I am a restless sort of soul. This summer I took the better part of a month off to rest up for the new year. Instead of lolling, I wrote a book on jury nullification and sent it off to a publisher awaiting it. I am all ass and elbows struggling forever to get somewhere, or is it to escape from something? It wearies me.

But there is no weariness in the celebration to come. Yes, my family is complex. There will be people at this wedding the thought of whom could disturb a night’s sleep. I am banishing these demons for a spell.

My children, my wife and I have shared good times, and bad. We’ve seen loved ones die, and those we love struggle at death’s door. We’ve laughed, we’ve cried, and we’ve cut our own path. I have learned to like the silence of an empty nest. My children are adults with purposes of their own. We’ve done all this, but I have now the pure pleasure of seeing a much-loved son embrace the one he loves and declare to the world: "She and I are one." I am awestruck.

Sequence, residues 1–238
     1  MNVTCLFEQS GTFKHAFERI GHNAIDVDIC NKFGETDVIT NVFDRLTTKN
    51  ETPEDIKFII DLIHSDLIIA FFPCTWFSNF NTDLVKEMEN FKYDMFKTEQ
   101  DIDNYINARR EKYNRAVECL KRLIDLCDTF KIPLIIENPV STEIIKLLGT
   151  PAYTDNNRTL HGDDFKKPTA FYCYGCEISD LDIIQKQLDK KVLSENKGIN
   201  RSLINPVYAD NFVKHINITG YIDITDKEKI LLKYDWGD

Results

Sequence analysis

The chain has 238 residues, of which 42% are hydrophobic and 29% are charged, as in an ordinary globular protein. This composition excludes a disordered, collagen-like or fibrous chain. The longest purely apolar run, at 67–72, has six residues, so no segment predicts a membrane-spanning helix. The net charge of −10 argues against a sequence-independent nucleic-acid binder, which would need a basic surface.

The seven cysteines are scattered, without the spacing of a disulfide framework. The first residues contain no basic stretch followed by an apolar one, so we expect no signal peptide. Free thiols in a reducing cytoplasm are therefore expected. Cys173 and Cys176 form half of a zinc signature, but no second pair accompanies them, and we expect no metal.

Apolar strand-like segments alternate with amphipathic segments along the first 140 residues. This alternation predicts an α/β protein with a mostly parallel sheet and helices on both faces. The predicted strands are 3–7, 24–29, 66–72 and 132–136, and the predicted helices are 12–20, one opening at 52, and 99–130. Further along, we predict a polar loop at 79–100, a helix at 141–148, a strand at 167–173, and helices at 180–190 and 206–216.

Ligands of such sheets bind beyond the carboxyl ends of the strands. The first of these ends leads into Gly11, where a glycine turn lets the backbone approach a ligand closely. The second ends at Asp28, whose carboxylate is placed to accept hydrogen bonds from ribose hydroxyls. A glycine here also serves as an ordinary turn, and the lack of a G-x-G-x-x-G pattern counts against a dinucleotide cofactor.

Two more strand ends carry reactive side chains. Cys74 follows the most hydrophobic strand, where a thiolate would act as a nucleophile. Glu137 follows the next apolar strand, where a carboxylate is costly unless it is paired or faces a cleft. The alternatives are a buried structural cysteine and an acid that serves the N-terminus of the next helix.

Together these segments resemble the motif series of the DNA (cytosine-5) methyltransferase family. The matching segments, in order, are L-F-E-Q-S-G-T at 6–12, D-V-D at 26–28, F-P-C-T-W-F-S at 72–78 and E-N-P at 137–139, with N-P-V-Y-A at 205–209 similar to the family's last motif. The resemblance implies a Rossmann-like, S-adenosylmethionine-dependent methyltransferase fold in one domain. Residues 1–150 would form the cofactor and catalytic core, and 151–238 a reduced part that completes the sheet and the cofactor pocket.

So forgive me my joy and my satisfaction. I fully intend to spend time simply thanking the heavens for my good fortune. Healthy children, a wife who has recovered her health after many scary years, and now a new daughter and, in my son, a new and suddenly richer man. I suppose the grandchildren can wait, at least for a little while. But really, kids, time is short ....

Reprinted courtesy of the Connecticut Law Tribune.


About Norm Pattis

Norm Pattis is a Connecticut based trial lawyer focused on high stakes criminal cases and civil right violations. He is a veteran of more than 100 jury trials, many resulting in acquittals for people charged with serious crimes, multi-million dollar civil rights and discrimination verdicts, and scores of cases favorably settled.

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I believe that the state is a necessary fiction and that failing to combat it is the first step toward tyranny.
– Norm Pattis


Nothing in this blog should be considered legal advice about your case. You need a lawyer who understands the context of your life and situation. What are offered here are merely suggested lines of inquiry you may explore with your lawyer.